Her name is Jeannette Poirier. She’s not a nurse. She’s a custodian.
It's not part of her job description but in the fallout from COVID-19, her love for Sue Ferris, a resident of the Pine Grove Nursing Home in New Brunswick where Poirier works, has been incredible, said Sue's husband, Charles Ferris.
Sue, 71, has advanced early-onset Alzheimer’s disease. Since she moved into the nursing home a couple of years ago, her husband has been visiting her most days for several hours. He has hired an additional team of caregivers, and his children also visit. But with COVID-19 closing visitor access to the facility to prevent the virus from entering, he, his family and the additional support team he has built for his wife can’t be with her.
Poirier is holding the couple together through this time by calling him from his wife's room, Charles said.
“She calls me from Sue’s room days when she’s working, and we are able to talk because this woman loves her," Charles said. "The residents she helps care for, she cares so much about every single one of them that she will do anything she can to make their lives better and to make the lives of their loved ones better.”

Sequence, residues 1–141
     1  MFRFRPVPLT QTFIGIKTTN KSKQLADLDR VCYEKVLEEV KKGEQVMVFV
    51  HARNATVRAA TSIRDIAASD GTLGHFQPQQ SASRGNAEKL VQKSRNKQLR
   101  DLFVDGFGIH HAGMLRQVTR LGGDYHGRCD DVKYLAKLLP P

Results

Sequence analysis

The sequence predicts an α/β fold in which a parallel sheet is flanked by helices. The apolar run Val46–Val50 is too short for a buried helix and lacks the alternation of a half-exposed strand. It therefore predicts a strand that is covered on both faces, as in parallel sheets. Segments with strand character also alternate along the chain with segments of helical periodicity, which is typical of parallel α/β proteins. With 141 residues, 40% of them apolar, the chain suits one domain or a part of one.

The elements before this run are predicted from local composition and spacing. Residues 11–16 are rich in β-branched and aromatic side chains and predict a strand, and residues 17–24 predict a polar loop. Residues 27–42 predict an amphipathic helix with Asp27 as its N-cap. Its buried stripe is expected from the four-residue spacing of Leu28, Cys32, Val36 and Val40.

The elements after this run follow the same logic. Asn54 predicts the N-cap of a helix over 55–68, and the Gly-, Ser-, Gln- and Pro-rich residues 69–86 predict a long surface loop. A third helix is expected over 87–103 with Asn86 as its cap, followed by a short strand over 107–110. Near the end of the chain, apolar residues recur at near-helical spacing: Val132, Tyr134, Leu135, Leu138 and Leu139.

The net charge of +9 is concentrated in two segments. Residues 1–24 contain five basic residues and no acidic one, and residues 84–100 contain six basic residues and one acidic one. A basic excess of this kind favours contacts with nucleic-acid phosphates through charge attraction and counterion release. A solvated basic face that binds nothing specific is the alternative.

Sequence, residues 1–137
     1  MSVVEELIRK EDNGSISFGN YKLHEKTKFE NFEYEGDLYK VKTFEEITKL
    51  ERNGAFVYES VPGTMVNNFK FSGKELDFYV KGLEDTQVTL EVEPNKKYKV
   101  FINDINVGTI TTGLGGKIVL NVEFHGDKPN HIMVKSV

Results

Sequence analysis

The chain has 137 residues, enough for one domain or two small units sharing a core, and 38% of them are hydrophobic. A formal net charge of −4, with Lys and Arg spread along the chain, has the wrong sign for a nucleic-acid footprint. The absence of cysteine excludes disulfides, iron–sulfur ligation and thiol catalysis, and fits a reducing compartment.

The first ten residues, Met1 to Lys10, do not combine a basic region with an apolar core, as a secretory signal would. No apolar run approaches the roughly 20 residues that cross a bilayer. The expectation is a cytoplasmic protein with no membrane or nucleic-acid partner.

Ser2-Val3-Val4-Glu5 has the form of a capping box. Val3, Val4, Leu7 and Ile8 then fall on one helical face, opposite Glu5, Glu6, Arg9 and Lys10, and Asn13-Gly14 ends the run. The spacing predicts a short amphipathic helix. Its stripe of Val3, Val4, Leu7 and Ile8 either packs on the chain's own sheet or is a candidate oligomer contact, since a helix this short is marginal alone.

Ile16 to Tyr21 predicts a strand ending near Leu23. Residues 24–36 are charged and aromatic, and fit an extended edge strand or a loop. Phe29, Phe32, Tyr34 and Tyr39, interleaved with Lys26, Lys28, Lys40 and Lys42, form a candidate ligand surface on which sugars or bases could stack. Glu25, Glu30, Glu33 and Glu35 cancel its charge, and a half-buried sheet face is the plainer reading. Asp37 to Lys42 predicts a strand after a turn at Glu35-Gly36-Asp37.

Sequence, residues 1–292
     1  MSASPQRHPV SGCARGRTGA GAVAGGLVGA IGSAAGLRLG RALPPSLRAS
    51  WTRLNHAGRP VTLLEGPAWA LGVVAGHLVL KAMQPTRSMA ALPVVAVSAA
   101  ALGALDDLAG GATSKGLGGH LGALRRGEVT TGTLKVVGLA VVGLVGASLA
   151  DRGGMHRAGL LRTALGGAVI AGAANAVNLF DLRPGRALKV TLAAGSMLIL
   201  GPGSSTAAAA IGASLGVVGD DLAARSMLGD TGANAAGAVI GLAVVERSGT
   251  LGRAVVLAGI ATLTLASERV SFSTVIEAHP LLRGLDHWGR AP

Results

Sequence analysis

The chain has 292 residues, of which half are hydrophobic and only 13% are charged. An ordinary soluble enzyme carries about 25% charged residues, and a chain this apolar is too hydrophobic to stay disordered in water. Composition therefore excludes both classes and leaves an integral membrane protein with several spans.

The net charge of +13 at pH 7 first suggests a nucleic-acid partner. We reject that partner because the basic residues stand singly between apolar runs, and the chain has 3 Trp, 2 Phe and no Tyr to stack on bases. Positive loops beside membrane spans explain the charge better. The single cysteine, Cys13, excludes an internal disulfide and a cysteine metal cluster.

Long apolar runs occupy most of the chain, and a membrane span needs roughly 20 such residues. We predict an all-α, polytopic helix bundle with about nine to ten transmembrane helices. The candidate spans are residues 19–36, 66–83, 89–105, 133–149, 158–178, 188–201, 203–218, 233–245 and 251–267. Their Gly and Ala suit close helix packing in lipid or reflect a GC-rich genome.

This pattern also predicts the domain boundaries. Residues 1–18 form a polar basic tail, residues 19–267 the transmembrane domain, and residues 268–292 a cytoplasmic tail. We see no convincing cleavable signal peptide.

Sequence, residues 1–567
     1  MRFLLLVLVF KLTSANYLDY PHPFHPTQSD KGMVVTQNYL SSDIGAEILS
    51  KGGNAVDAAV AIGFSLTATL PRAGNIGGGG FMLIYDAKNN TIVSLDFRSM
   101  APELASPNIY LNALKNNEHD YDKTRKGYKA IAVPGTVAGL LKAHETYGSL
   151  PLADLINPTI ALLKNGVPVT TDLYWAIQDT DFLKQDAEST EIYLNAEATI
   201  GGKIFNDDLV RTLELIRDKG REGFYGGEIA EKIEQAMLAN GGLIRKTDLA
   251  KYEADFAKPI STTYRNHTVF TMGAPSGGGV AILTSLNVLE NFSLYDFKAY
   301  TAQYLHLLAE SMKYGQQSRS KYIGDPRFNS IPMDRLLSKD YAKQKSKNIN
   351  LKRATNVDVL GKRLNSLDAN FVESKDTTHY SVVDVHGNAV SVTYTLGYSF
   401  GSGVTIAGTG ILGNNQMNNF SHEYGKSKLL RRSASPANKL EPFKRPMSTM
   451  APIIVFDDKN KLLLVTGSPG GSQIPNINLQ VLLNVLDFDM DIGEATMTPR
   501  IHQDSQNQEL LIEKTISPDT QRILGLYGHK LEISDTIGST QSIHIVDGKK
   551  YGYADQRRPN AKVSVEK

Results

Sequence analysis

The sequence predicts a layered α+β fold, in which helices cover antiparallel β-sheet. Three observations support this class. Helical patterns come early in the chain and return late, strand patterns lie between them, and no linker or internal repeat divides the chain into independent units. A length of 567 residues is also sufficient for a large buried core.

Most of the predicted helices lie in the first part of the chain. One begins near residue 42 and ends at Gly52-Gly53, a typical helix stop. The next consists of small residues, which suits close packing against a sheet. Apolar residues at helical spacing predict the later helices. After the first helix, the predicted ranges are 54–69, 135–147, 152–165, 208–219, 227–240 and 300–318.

Poirier "has been doing this on her own time, during her breaks," said Cheryl Wiggins, the administrator of Pine Grove. "This was completely her own initiative and above her regular duty.
"I'm very proud of her, but it doesn't surprise me," Wiggins said, adding that some other workers have also taken on extraordinary duties to make up for tasks usually assisted by family or volunteers, including office staff helping with serving meals and feeding.
"They totally amaze me," she said of her team. "It's very personal for them. We are very much connected with the people we care for. And so when they're sad, we're sad."
The Times Transcript requested an interview with Jeannette Poirier, but she politely declined.
"She's the type of person that goes over and above without telling others or seeking recognition," said Wiggins.
Charles knows where his wife will be sitting when the calls come: the spot where they've shared many hours together. He can still see her, it’s just in his mind. “We've been together for nearly 50 years. I think we have a pretty good idea what we look like, so the voices are the big thing, the recognition of voices is huge.”
He said he finds himself trying to keep the calls light and trying to “affirm and reaffirm how much I care for her and just looking for that happiness, listening for those sounds of joy. And typically, what I end up with at the end of this little conversation is someone who is pretty happy that I've made a call and pretty happy that I'm part of her life. And it’s just about that basic. But that’s fundamental of what relationships are about. That’s love.”
The typically 15-minute calls are enough for him to hold on to as he busies himself as best he can until the next time he can speak with Sue. He said he is very involved in his church, attending to things in his house and has even returned to school, pursuing a PhD in history part-time.